Communications technology and the Internet are such integral aspects of our lives today that it is inconceivable to construct a balanced portfolio without including at least one technology business. Additionally, the large technology businesses have balance sheets overflowing with cash and, in many cases, very low valuations.
When I think of the Internet, I can’t help but think of the term “backbone of the Internet,” which has oft been applied to Cisco Systems, Inc. (NASDAQ:CSCO), my pick for the technology-related portion of the income portfolio.
Based on its most recent quarterly report, Cisco Systems, Inc. (NASDAQ:CSCO) is holding over 41.6%, or $46.38 billion, of its market capitalization in cash and short-term investments; an enormous amount of cash. Even without considering this cash hoard, Cisco Systems, Inc. (NASDAQ:CSCO) is currently trading at only 9.37 times the consensus earnings estimates for 2014.
If calculated after discounting the cash on hand, the 2014 price-to-earnings ratio falls to only 6.32. The current dividend yield of 3.28% requires a payout ratio of only 33%. Not only is it easily maintained, there is a lot of room for increases. Since Cisco Systems, Inc. (NASDAQ:CSCO) started paying dividends on March 29, 2013, it has increased the payment three times for a total increase of 183%, displaying management’s understanding of the need to return profits to the owners of the business.
When considering a long-term investment in Cisco Systems, Inc. (NASDAQ:CSCO), investors should also consider the fact that many of the large tech companies have recently become much more aggressive in their efforts to distribute some of their large cash holdings to investors through increased dividends, special dividends, and share buybacks. The management team at Cisco Systems, Inc. (NASDAQ:CSCO) is proving its willingness to participate in this practice and will continue to do so going forward.
Private equity and wealth management
I am well aware that a great deal of effort has been put forth to demonize the arena of private-equity investing, but at the end of the day there are two sides to every story. It is not my purpose to debate the virtue, or lack thereof, of the private-equity and wealth-management business. It is my job to figure out how to best position myself to profit from it.
KKR & Co. L.P. (NYSE:KKR) manages a group of private-equity funds and other investment vehicles that manage clients’ money for the purpose of achieving long-term capital growth. Founded by Henry Kravis and George Roberts in 1976, the business debuted on the public stock exchange in 2010 with the original founders holding the posts of co-chairmen and CEOs, positions they continue to hold. With a 37-year record of successful management performance, this business exhibits great stability and consistency.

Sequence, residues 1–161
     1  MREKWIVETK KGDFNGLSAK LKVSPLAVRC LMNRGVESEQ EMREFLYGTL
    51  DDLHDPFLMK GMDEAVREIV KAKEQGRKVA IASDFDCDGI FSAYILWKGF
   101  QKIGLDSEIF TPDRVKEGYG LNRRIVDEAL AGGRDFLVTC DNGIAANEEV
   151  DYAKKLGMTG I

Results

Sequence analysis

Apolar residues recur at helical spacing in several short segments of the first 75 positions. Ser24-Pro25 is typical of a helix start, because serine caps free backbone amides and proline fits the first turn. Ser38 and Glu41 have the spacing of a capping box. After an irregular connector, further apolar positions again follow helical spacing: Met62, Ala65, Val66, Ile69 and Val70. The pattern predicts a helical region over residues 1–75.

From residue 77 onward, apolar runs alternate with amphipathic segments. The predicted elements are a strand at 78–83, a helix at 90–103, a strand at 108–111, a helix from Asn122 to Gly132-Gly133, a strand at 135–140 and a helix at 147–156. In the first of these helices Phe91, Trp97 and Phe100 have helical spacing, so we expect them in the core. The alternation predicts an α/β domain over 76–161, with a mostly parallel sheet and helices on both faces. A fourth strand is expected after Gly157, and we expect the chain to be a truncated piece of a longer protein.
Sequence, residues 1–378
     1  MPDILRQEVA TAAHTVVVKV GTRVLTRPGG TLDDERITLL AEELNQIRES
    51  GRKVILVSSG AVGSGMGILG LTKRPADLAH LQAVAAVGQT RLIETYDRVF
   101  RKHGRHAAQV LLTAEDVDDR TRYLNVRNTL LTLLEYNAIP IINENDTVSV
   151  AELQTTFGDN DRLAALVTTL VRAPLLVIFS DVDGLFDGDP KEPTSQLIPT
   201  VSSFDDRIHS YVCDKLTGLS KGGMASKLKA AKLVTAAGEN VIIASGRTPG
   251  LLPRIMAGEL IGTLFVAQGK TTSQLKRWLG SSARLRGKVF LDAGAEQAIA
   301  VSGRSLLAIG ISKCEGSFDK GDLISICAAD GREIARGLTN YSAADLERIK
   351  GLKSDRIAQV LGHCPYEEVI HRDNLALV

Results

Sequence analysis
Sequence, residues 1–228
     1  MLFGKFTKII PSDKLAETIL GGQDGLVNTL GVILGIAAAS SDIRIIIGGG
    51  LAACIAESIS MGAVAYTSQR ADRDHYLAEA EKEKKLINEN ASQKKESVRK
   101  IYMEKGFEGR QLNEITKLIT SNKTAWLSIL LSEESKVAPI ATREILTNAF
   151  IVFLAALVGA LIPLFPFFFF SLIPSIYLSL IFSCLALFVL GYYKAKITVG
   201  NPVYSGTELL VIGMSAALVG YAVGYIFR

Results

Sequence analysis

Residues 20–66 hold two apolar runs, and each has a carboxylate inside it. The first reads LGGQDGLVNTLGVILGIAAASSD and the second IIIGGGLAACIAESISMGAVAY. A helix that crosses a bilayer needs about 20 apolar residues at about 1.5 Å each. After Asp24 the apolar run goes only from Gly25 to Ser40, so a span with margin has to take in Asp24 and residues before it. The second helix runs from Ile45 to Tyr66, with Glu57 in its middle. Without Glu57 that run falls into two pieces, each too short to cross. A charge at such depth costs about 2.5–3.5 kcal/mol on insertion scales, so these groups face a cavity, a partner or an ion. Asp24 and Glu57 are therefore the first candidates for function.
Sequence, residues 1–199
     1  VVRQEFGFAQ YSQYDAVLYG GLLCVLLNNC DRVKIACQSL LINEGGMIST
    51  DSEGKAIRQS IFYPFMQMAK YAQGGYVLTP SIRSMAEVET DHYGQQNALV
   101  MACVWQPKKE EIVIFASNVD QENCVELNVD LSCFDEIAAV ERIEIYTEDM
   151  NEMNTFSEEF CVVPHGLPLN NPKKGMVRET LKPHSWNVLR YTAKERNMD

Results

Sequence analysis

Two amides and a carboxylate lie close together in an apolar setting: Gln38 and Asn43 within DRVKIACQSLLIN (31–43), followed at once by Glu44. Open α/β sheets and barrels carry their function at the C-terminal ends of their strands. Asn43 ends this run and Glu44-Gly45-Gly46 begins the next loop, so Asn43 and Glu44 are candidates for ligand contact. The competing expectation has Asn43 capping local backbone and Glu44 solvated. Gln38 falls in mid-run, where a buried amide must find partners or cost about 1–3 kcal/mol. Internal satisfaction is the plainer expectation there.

The 6.34% dividend yield, couple with an aggressive payout ratio of 60%, serve as ample evidence of the commitment management has to rewarding shareholders. Coupled with the long-term record of success built by the current leadership, this is an excellent location in which to place a long-term investment in anticipation of achieving both growth and increasing income.
Three businesses in three different industries are not enough to provide a diversified income-producing portfolio. But it does get interested investors about halfway there. Those who are interested in this style of investing who allocate half of their capital available for income investing evenly among Realty Income Corp (NYSE:O), Cisco, and KKR & Co. L.P. (NYSE:KKR) will begin to draw an average dividend yield of 4.45% on the capital allocated. Be sure to watch for my follow-up piece, which will present three more picks across three new industries to complete the base of a well-diversified portfolio for income investors.
The article Building an Income Fortress With Dividends originally appeared on Fool.com and is written by Ken McGaha.
Copyright © 1995 – 2013 The Motley Fool, LLC. All rights reserved. The Motley Fool has a disclosure policy.